Another tip, while you are playing with highlights and shadows, is raising the shadows and pulling down the highlights. Professional photographers use this technique, and it helps to achieve the perfect balance between these two under golden sunlight.
Shoot a lot of photos
The golden hour is for merely 50-60 minutes, but with that light during this hour is continuously changing. Shoot a photo, and just after 5 minutes shooting the same subject at the same position, you will get an image with a totally different look. Shoot faster and as many photos as possible to shoot every opportunity.
White balance settings
Either shooting with your smartphone or digital camera, make sure your gadget’s WB feature is turned off. This feature helps correct exposure and other minor illumination problems in an image, but it can ruin your golden hour image. This genre is all about the golden glow of the image, but this color correction feature attempts to neutralize this effect.
If you can handle manual camera settings, want to use WB, and your gadget has this feature, set it on Cloudy/Shade settings. This setting has a higher temperature so that it will add warmth to your images.
Take advantage of photography gear
Photography gears, especially tripods and zoom lenses, can really come in handy while shooting under the golden light. These hours have low light compared to usual outdoor lighting, so a tripod will help you make sure nothing messes up. Using a zoom lens, you don’t have to move much during the shoot, which will save you time and help to make the most of this hour.
Reflectors and low-powered flash with a diffuser are handy when shooting with the sun in the background. These bounce back some of the light on the subject so that subject is also exposed to the light, and you do not end up with a silhouette or dark image.
Lens hoods can be used to add a lens flare for an artistic touch.
Go for creative blur
Blur is a nightmare of every photographer but playing with it creatively. You can achieve very nice effects. Using creative blur, i.e., motion blur, panning, et cetera under golden effects of sun rays, can be your very effective storytelling tools.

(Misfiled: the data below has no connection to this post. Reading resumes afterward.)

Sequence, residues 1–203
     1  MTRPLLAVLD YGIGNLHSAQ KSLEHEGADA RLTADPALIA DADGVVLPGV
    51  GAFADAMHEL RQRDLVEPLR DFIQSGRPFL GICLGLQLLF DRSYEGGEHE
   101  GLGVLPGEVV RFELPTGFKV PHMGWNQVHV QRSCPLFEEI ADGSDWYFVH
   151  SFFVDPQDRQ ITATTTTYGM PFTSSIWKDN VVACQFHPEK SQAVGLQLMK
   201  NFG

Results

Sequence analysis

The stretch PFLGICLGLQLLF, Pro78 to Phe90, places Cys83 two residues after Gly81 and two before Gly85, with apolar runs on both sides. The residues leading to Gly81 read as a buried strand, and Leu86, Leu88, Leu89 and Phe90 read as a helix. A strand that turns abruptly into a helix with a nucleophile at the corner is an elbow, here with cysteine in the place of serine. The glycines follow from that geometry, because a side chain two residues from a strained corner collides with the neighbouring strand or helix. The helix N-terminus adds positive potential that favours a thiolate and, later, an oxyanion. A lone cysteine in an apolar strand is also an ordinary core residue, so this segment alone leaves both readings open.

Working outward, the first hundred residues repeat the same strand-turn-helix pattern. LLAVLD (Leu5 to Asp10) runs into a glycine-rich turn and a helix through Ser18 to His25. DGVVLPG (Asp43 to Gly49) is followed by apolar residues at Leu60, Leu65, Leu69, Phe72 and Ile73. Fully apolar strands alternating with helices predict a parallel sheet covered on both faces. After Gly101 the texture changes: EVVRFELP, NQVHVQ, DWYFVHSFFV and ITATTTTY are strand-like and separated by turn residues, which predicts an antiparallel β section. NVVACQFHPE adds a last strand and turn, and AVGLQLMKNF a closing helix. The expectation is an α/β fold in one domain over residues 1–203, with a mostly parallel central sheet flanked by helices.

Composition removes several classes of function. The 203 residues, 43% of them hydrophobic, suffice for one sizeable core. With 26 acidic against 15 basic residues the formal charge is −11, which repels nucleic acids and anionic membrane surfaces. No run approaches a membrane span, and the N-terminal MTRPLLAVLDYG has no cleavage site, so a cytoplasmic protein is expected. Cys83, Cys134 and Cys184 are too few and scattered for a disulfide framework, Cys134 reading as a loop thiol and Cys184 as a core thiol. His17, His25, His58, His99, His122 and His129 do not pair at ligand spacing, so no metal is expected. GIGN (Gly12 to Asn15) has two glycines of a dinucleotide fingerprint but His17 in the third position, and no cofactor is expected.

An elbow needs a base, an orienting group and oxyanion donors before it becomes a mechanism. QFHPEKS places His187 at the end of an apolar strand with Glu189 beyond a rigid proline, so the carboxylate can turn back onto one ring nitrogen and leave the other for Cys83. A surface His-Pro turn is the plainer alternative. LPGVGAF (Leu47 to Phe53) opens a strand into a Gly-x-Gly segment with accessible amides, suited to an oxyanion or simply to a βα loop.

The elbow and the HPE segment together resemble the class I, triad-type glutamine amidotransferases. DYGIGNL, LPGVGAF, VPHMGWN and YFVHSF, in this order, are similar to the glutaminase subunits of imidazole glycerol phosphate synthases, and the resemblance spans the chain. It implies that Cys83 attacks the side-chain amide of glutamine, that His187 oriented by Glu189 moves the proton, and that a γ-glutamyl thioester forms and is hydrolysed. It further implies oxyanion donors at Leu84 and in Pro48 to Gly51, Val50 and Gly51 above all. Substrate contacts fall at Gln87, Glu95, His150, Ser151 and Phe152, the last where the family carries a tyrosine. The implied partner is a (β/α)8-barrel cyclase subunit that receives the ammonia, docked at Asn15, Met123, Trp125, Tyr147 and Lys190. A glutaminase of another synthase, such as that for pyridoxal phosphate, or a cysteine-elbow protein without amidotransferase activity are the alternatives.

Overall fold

To get this blur without ruining the image, first, drop your ISO settings low, like 100 or 200, and adjust the depth of field/aperture at f/5.6 or wide.
High Dynamic Range (HDR)
This tip is specifically for people who shoot with a DSLR or have a smartphone with this feature. HDR produces a greater range of luminosity and can capture much higher stops of exposure in a single frame. The images shot under HDR have greater appeal without losing any format.
These photos do not need many touches, and more details mean that these open the world of unlimited possibilities in post-production.
To give the artistic effect, you can also blend your HDR photos while editing, for example, merging images with brighter sky in with images with the darker foreground. It will allow you to create a truly unique image from two regular images.
Do not shy away from playing with different features of editors in post-processing. In fact, shoot your images to process them. You cannot control natural circumstances, but the editing process is always in your control. For example, you can bring out colors of images, increase/decrease highlights and shadows, add other special effects, i.e., bokeh, etc.
Stay in manual mode
If you have something specific in mind, we highly recommend you shoot in manual mode. Auto mode has its pros but shooting with the manual mode. You have complete control over your camera, especially the aperture and shutter speed.
Using manual mode, you can also use spot metering. This feature allows the camera to expose the focal point precisely. For example, if you are shooting with a subject in the foreground, spot metering ensures that the subject is fully exposed and does not end up with a silhouette.
Bonus tip if you are using manual settings: Increase the ISO as the sun goes down.
The possibilities in the world of golden hour photography are unlimited. Like, isn’t it amazing that the same camera settings, same subject position, but the image will turn out totally different even if both are shot merely with the difference of 2-3 minutes?
Besides following tips and techniques, the best way to master the art of golden hour photography is by experimenting with it. Take out your camera and start shooting. This warm golden light is so compromising that you will end up with some really nice results! But obviously, applying the tricks mentioned prior can be a bonus for your work.